As our dogs age it is often advised to watch their diet intake carefully, many of the signs caused by kidney disease result from an accumulation of waste products produced by the breakdown of protein combined with a loss of calcium and a build up of phosphorous levels, Urea is one of the poisonous substances produced in the body by the breakdown of protein and if this level is very high the term uraemic may be used, all this will damage the kidney further. Sometimes you will notice a certain odour to the dog's breath.
Moderate restriction of protein intake in the older animal is now suggested by many vets together with an occasional monitoring of blood levels.
* An "MOT" for older dogs is often a good idea even if the dog is behaving & acting normally, As soon as my older dogs start peeing large amounts of dilute pee, are at the drinking bowl more frequently or their breath has a characteristic odour ( having once worked as a nurse in a renal unit, I know that particular smell!....but sometimes it may have just been what they have been eating!!). I get a urine sample (testing for protein which should not be present in normal urine & if necessary a blood test by my vet)
Pre-anaesthetic blood testing should be an essential for any older animal, or indeed any animal undergoing any procedure requiring a GA as fluid intake could be most important if the dog is already showing from blood tests any signs of nephron failure.

Much research in the 70s and early 80s have now provided valuable insight into the management of dogs showing early signs of renal failure.

As to diet,  there a can be problems with feeding RAW meat...FRESH! opposed to FROZEN!... ie  Campylobactor contamination to name just one, but in MANY instances it is the complete foods that may carry a greater risk in levels of protein content the amounts vary from product to product, read labels carefully. & it is not just about PROTEIN.... but in restricting the amounts of PHOSPHOROUS & SODIUM in dietary intake too.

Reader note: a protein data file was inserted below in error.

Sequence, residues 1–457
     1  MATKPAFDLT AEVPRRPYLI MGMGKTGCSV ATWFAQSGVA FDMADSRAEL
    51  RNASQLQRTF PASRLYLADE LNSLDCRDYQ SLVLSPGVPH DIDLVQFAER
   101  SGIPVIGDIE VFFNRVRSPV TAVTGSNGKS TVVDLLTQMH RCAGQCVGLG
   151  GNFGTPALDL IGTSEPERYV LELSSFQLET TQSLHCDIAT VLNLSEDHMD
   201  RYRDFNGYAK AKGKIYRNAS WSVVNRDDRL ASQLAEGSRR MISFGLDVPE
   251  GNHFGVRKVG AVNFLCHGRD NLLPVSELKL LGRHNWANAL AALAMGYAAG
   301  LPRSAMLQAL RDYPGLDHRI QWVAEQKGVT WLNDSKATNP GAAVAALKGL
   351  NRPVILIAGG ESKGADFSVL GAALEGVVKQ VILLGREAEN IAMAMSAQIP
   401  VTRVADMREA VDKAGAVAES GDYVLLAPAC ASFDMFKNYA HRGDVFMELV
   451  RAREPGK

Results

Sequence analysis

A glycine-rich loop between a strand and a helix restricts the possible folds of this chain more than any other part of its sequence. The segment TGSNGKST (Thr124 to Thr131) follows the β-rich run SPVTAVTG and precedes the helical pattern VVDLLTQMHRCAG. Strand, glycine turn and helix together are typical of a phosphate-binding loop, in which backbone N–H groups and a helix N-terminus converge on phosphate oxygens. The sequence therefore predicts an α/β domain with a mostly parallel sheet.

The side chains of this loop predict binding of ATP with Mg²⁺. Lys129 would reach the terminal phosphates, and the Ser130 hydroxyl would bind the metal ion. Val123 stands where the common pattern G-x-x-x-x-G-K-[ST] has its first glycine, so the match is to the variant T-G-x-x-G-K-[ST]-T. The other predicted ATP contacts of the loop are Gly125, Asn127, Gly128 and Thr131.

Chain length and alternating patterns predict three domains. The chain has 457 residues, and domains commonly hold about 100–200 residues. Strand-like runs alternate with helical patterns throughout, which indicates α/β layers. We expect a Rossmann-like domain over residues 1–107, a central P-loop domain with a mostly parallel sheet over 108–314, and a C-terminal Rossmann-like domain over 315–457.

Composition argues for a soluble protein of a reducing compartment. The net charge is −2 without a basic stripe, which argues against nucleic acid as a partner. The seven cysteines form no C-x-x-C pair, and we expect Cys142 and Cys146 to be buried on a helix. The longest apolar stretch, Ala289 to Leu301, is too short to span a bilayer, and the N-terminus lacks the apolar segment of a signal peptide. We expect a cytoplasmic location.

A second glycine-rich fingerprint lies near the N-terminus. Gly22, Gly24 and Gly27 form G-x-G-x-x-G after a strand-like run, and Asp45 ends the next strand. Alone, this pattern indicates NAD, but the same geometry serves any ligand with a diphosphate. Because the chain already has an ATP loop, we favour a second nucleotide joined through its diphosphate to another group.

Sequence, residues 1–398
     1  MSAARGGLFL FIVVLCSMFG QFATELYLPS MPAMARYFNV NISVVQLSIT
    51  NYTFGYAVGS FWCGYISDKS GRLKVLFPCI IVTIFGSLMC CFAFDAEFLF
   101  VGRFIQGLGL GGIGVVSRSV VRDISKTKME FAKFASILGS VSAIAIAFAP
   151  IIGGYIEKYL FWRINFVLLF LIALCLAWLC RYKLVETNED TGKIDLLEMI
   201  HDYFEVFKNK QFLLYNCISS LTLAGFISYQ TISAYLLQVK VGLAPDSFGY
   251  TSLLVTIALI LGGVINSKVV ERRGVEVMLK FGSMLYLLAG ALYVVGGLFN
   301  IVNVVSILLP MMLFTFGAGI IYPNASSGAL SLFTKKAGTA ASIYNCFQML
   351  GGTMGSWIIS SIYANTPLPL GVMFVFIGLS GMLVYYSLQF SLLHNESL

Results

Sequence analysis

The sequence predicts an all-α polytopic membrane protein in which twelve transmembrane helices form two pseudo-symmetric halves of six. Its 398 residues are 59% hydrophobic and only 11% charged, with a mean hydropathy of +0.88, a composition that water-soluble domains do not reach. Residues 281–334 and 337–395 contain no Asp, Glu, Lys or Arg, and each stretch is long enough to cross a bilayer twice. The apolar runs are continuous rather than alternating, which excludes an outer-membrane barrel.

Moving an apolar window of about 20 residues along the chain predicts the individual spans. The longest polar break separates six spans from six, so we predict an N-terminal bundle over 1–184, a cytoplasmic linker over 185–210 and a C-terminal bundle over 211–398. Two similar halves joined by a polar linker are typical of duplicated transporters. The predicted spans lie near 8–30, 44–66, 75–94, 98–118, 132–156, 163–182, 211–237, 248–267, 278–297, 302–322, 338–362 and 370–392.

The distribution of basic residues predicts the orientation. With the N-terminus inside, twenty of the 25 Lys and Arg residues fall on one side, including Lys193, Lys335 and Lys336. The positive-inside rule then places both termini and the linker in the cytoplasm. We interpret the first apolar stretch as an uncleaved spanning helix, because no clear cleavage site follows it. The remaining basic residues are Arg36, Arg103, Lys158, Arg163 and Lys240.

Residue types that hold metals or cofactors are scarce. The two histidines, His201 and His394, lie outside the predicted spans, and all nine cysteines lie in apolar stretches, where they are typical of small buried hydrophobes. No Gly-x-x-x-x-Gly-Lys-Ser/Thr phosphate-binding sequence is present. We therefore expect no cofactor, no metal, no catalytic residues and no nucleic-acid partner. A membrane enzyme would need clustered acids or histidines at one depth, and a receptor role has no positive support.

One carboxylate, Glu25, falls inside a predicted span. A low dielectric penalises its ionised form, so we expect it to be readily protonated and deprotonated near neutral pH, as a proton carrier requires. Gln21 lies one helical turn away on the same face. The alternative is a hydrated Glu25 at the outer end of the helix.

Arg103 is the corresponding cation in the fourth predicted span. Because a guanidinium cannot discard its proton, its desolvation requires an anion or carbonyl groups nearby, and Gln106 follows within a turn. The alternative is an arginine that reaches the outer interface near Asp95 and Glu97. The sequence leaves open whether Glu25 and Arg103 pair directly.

Also you have to consider the GENETIC make up too. Some dogs develop RF whilst others do not, or have enough in reserve in the working nephrons as I indicated in my previous post message to take them through to the very end.

Studies have suggested that whilst there may be NO conclusive evidence that LOW PROTEIN diets SLOW DOWN the process of CRF, the dogs seem to feel, and appear much better in themselves on such diets. The low protein diets result in lower levels of nitrogeous waste products and it is the high levels produced from HIGH PROTEIN intake that causes them to feel so sick but ALL dietary intake in a dog diagnosed with signs of RF must be carefully monitored.
The key thing always is in OBSERVATION.
Note any changes in your dog's eating & drinking habits.
With kidney disease the dogs become quieter, less alert, appetite may decrease.
I know such signs may also point to other conditions apart from RF but it is as well to consult a vet EARLY.

Increased thirst & passing MORE urine (usually dilute)
Weight loss
Weakness and exercise intolerance
Tendency to bruise or bleed easily

Dehydration....VERY important,
Stiff leg gait and arched back ( a sign of pain in the lumber region where the kidneys are located) Some Afghans go off their back legs very quickly.
Little or NO urine output.



Many thanks to Sylvia Evans for this article